Corruption and gerrymandering have been destructive to New York’s political system
New York’s politicians have been allowed to get away with too much in Albany. Our lawmakers are considered part-time employees–which gives them the right to earn outside income without a limit. That means they can take money or salaries from companies that expect them to pass or block legislation or provide other favors in return. And with Republican-controlled gerrymandering slashing our state into incoherent districts, our blue-leaning population is governed by red-leaning legislators.
When a legislator is forced to resign after being convicted of a corruption crime, New York taxpayers pay their pensions
We can get money out of our legislative process if we:
- Extend the yearly legislative session to require a full-time commitment from our representatives–therefore justifying a full-time salary and eliminating representatives’ need to receive outside income
- Institute a statewide public financing system based on the one used by NYC, which matches every dollar in small donor contributions with six dollars in public funds
- Stop putting taxpayer funds toward the pensions of ex-lawmakers convicted of corruption crimes
- Outlaw campaign contributions from any corporation that does business within the state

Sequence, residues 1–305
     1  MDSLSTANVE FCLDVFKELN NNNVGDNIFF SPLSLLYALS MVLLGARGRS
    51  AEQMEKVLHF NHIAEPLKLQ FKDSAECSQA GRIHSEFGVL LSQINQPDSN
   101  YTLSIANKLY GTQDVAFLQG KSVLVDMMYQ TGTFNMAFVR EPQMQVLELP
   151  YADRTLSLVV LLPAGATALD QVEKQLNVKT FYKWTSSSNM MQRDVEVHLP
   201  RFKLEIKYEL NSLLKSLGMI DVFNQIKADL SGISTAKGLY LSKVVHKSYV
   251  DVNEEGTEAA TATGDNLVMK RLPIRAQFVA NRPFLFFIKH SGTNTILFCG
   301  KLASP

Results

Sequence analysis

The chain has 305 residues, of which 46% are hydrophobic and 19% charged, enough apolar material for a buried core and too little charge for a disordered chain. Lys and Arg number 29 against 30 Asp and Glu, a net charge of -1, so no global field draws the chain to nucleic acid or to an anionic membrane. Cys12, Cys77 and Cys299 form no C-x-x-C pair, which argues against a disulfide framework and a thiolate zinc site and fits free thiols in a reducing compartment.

We can eliminate gerrymandering in New York
What even is gerrymandering, anyway?
Gerrymandering is when a partisan committee moves around the borders of voting districts to favor their own party, squeezing the maximum amount of electoral votes possible out of a certain area of land.
Our Civil Rights Act bans specifically “racial” gerrymandering, but does not protect us from partisan gerrymandering. With a large portion of minority voters identifying as democratic, republican-influenced partisan gerrymandering is a roundabout way of silencing marginalized voters.
Demand that all redistricting be done solely by independent commissions. Ban redistricting that seeks to unfairly increase the power of one political party while limiting others.
Today, we have an overwhelmingly liberal and democratic state governed by a Senate that is split down the middle: half democratic, half republican. And some of our elected “democratic” lawmakers, otherwise known as the Independent Democratic Conference (IDC), repeatedly caucus with republicans in exchange for leadership roles (which gets them a bigger paychecks, staff, and offices) and more funding for their districts.
Without a law mandating an independent redistricting commission, our governor gets the final say on any question of redistricting.